In response to the resignation of student editors at the Red & Black Wednesday evening, The Red & Black board of directors and publisher, Harry Montevideo issues the following statement.
August 16, 2012
For a communications company, we clearly have been at the center of a great deal of miscommunication during the past 24 hours. We regret this failure of clarity with our core constituency, the student journalists. We want to set the record straight on several matters.
The Red & Black is still and will remain an independent student media organization. It has been in the past and will continue to be supported by a dedicated group of professionals.
In an effort to provide a better product for our readers of print and digital news and to provide better training for our student journalists, The Red & Black recently decided to add additional professionals to both the editorial and business staff, half of whom are part time.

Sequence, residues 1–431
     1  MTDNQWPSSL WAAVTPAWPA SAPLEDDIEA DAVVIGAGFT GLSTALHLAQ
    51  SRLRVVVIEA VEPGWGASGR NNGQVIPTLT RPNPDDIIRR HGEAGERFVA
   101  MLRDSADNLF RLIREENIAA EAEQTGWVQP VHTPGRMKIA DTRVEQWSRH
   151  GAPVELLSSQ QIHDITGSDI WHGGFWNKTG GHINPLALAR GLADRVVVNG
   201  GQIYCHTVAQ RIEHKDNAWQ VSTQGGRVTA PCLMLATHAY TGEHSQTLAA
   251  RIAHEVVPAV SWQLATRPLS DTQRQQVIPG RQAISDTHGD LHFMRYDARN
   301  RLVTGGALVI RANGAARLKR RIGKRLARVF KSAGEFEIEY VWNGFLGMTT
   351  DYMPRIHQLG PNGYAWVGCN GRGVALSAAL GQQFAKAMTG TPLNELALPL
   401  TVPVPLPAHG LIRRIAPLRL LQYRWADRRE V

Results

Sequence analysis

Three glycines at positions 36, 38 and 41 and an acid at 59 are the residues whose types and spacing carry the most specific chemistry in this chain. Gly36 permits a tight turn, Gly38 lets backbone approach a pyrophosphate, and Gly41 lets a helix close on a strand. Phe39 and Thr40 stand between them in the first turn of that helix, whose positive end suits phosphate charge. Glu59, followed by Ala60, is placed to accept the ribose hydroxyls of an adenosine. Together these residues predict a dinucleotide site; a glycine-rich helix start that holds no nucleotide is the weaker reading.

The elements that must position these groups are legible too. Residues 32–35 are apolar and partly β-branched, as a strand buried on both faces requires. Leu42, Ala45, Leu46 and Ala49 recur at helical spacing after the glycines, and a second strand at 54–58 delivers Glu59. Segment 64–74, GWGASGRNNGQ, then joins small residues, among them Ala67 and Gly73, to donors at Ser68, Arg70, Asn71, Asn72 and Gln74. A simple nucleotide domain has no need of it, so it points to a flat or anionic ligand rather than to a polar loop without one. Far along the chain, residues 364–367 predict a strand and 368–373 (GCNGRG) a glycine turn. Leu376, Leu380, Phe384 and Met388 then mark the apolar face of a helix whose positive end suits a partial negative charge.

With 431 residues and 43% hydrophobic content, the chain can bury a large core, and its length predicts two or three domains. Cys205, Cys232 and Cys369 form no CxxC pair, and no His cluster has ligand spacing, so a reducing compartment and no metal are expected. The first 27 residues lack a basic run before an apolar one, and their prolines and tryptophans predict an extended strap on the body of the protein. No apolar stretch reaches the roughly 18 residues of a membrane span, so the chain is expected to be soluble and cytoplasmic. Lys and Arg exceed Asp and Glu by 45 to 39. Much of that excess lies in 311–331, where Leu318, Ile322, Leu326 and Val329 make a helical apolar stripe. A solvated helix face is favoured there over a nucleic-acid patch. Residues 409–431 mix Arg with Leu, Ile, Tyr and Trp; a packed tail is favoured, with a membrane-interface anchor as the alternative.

The Red & Black does not plan to have these professionals assume the role of our student Editor in Chief. The editorial director is a counselor, teacher, mentor, coordinator and manager. The editorial director is charged with helping students make smart content decisions prior to publication, particularly on stories, which involve issues of libel or standards of quality and ethics. It is not, nor has it ever been the intention of the board to censor student content.
We expect our students to collaborate with our professional staff to establish and maintain standards for quality, develop plans for content and create quality journalism products, which engage our audience.